We are 108,000+ car owners sharing real-world car information.

Join Us

2017 Hyundai Elantra Pros and Cons at TrueDelta: 2017 Hyundai Elantra Sport Tech Version DCT by dougjp

dougjp

0

Sign in or join to like this review.

Reviewed: 2017 Hyundai Elantra

4dr Sedan turbocharged 201hp 1.6L I4 7-speed automated manual FWD

2017 Hyundai Elantra Love Letter

Conclusion

Well I have to say this car is awesome for the money. I do suggest test driving, if this is the segment of car you are interested in. All of the following are my impressions, but some are subjective. I don't work for, or have any ?ins? with this manufacturer, or any other for that matter.

I personally like the look of it better than any other compact. Cohesive lines and design is what I like. It gives a mildly aggressive look with class, IMO. Especially the front view, front quarter view and side. The back is somewhat generic, but clean. The rear lights add an interesting design touch. I love the wheels. In the compact car size segment, I only really like the look of this, the BMW 2 series, Audi 3 series, Mazda 3 and parts but not all of the Chevy Cruze. Most other cars in non compact segments are too long or small for me, and I have no interest in SUV/CUVs. I require strong power and torque, and hatchbacks were low on my list because the other hatchback car I own is enough for moving big stuff. I wanted a large trunk to hide stuff and quiet the car, and lower longer lines. My choices are limited.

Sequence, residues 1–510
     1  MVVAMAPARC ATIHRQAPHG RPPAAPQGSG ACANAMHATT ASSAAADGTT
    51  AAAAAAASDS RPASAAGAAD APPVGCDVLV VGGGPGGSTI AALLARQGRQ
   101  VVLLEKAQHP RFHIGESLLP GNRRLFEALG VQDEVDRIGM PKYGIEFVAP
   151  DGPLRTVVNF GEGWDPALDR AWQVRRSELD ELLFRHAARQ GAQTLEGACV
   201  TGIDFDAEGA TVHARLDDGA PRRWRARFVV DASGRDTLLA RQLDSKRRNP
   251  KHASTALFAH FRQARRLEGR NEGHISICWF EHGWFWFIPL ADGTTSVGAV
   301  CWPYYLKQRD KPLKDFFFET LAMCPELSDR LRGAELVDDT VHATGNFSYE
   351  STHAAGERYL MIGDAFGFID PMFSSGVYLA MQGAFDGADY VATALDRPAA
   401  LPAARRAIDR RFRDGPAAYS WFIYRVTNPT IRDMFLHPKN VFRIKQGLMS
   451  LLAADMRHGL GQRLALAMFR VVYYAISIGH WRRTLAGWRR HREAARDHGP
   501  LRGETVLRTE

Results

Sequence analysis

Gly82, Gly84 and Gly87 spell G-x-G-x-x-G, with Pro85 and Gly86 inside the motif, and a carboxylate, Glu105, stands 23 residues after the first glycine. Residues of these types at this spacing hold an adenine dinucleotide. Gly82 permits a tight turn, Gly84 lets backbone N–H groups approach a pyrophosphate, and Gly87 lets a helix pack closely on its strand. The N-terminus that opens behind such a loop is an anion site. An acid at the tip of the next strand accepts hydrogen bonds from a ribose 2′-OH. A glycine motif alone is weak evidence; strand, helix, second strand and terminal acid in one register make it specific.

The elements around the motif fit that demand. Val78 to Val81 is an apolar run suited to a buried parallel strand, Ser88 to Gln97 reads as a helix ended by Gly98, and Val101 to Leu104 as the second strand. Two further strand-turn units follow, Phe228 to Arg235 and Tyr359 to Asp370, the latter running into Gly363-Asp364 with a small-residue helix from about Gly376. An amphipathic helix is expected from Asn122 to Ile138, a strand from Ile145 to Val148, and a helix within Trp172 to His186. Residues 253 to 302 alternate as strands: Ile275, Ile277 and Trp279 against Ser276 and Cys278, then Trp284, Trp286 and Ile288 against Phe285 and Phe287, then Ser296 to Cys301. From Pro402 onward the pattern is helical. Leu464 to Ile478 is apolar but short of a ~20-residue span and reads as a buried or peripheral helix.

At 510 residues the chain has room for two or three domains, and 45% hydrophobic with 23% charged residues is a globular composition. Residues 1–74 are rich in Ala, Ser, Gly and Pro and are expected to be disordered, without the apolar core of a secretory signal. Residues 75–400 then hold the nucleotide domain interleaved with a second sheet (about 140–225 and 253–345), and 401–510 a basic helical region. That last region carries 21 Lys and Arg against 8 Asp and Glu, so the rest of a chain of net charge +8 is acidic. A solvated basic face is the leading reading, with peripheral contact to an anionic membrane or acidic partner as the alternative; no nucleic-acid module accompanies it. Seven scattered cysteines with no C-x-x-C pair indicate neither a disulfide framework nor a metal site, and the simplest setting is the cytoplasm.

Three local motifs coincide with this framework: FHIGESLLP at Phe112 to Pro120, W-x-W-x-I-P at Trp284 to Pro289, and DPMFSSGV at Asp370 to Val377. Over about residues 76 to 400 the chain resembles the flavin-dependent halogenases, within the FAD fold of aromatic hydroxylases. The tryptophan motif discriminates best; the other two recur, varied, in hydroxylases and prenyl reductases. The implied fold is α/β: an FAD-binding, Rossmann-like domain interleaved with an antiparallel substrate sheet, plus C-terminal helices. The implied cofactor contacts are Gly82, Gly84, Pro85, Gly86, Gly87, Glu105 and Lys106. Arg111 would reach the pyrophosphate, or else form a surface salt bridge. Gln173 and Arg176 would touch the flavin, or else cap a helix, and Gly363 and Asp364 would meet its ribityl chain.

And this lack of choice is likely to get worse in the future the way sales trends have been going (away from my preferences).

I test drove two of them, a manual Tech (top trim) version and a DCT 7 speed auto standard version. The first test drive was mainly to check some of the additions the Tech version brings - the Infinity audio system, larger screen Nav and rear parking sensors. Things I wanted along with the dual zone climate control and auto dimming homelink mirror that came with it. Although most of my cars have been manuals, my wife doesn't drive those, so for overall convenience the auto was my choice.